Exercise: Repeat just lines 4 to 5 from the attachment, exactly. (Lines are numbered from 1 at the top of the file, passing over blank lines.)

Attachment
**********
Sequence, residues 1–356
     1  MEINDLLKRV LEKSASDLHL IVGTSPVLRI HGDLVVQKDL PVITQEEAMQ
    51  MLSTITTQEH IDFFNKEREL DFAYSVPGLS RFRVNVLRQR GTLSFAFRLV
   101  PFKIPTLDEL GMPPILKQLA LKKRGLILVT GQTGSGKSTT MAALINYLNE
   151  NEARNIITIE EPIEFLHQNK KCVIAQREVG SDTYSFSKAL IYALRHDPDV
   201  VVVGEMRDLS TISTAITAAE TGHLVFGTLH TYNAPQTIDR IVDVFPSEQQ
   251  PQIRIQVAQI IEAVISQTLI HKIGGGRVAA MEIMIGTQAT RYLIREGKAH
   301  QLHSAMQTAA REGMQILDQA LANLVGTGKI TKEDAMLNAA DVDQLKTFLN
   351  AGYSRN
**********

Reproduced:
   101  PFKIPTLDEL GMPPILKQLA LKKRGLILVT GQTGSGKSTT MAALINYLNE
   151  NEARNIITIE EPIEFLHQNK KCVIAQREVG SDTYSFSKAL IYALRHDPDV